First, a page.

Missouri River Camp

Missouri River Camp thru door

Clark, July 5, 1804

“Set out verry early this morning, Swam the horse across the river…Boat turned three times once on the ____ of a Drift wood. She recved no proceiviable damage, we came to for Dinner at a Beever house, Cap Lewis’s Dog Seamon went in & drove them out…Elks are plenty about those Praries. Some Buffalow Sign.”

“6th July Friday…a verry warm day (worthy of remark that the water of this river or Some other Cause, I think that the most Probable throws out a greater preposn. of Swet than I could Suppose Could pass thro the humane body Those men that do not work at all will wet a Shirt in a Few minits & those who work, the Swet will run off in Streams)”

“July 8, 1804 8th of July Sunday…five men Sick to day with a violent Head ake &c. and Several with Boils…Saw a fire on the S. S. Supposedly the four flankers, to be theire, Sent a perogue for them, the Patroon & Bowman of the Perogue French, they returned & informed, that when they approached the fire, it was put out, which caused them to return, this report causd. us to look out Supposeing a pty. of Soux going to war, firierd the bow piec to allarm & put on their guard the men on Shore everey thing in readiness for Defence.”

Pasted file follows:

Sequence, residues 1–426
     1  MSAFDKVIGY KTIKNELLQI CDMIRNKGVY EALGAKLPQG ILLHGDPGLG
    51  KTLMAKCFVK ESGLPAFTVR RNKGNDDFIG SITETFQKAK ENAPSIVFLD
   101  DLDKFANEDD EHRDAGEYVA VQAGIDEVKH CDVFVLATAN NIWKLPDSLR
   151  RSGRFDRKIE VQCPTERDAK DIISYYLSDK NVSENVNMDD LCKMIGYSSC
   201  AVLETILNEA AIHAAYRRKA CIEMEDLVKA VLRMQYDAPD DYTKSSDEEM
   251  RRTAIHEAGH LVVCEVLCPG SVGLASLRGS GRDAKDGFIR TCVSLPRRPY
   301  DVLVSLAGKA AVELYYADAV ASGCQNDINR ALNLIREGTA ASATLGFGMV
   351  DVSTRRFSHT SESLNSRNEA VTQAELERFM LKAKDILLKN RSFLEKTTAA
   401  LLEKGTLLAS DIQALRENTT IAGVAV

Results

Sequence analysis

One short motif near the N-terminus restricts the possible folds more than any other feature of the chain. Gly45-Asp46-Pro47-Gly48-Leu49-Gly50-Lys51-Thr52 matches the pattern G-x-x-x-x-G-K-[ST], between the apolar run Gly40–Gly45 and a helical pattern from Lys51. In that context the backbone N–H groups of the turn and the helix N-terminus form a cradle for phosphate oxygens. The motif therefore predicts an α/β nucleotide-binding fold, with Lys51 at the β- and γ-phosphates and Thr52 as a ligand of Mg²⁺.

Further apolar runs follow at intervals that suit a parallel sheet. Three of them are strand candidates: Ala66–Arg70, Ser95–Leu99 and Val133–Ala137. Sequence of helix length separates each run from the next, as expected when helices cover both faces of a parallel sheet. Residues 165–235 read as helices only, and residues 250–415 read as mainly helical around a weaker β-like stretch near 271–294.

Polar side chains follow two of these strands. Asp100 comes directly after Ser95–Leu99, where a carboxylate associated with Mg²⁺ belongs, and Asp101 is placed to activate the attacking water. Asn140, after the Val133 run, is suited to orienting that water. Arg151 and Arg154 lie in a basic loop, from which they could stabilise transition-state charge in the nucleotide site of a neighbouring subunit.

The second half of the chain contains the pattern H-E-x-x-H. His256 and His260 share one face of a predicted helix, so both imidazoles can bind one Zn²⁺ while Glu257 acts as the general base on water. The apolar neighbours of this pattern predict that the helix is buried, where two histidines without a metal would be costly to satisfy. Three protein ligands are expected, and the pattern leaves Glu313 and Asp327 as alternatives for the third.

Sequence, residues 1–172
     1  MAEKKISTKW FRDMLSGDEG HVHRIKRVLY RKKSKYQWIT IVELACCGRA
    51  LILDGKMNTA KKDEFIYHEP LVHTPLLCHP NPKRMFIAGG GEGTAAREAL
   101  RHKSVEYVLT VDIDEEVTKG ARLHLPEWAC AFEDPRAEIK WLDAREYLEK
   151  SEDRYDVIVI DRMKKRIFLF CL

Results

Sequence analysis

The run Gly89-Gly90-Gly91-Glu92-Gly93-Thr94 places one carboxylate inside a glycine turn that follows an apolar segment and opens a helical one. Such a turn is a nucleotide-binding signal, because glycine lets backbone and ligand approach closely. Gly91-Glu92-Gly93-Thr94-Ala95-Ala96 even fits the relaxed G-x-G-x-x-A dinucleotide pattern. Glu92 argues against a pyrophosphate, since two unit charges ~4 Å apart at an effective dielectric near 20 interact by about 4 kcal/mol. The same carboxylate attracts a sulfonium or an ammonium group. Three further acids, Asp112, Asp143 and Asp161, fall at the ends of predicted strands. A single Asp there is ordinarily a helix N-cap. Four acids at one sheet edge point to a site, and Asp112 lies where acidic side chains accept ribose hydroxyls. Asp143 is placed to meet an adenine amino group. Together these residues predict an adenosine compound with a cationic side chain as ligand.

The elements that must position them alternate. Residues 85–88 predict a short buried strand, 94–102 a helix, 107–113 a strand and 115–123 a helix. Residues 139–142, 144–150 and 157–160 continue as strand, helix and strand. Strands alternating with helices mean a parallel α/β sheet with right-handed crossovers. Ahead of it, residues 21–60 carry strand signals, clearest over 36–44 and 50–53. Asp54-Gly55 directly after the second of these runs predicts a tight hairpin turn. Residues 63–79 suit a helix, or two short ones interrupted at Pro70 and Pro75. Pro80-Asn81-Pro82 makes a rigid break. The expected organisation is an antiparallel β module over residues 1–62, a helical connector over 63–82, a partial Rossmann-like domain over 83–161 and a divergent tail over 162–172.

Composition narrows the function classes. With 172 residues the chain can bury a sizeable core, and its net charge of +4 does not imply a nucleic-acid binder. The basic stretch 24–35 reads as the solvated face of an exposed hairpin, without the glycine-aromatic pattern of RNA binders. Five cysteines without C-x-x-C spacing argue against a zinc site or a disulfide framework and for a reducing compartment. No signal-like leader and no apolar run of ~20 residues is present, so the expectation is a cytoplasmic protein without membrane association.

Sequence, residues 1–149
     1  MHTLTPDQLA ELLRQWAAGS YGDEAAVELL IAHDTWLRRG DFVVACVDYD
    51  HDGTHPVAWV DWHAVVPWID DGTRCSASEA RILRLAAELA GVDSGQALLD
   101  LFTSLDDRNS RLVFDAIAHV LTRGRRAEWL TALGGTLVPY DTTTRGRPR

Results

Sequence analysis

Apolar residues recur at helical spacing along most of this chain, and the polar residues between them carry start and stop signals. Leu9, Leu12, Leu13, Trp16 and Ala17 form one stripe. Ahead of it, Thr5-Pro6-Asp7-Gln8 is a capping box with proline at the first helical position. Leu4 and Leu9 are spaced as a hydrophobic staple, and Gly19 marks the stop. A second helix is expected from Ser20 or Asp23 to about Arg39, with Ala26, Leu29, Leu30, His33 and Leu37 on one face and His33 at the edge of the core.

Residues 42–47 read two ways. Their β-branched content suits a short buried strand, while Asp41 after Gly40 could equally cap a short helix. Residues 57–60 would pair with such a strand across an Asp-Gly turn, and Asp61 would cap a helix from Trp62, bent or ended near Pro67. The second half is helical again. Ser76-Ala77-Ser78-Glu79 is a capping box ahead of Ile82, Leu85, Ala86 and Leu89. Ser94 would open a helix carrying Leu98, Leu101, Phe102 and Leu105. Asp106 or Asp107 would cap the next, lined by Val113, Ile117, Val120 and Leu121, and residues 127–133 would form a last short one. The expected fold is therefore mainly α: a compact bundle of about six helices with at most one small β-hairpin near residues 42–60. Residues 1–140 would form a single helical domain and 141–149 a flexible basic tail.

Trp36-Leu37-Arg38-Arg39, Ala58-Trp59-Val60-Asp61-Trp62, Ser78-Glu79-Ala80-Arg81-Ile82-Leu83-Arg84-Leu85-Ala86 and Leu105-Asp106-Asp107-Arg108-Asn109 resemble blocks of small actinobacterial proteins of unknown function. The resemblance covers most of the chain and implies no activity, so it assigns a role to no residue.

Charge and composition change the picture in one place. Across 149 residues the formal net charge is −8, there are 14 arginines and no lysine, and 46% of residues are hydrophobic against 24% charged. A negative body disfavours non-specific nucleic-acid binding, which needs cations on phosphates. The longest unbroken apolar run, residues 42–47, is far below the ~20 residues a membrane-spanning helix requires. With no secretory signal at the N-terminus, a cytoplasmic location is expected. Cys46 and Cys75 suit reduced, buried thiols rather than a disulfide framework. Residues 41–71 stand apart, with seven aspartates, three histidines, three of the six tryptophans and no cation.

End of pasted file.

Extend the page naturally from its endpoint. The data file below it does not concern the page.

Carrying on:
July 10

“we came to & Camped for the night. at a point on the S. S. opposit a yellow Clay Clift.—our men all getting well but much fatigued, the river is on a Stand nether rise nor fall, The bottom on the S. S. is verry extensive & thick. the Hills or high land is near the river on the L. S. and but thinly timbered, back of those hills is open plains.” [note: I camped near this point]

Trip overview and route map with position updates: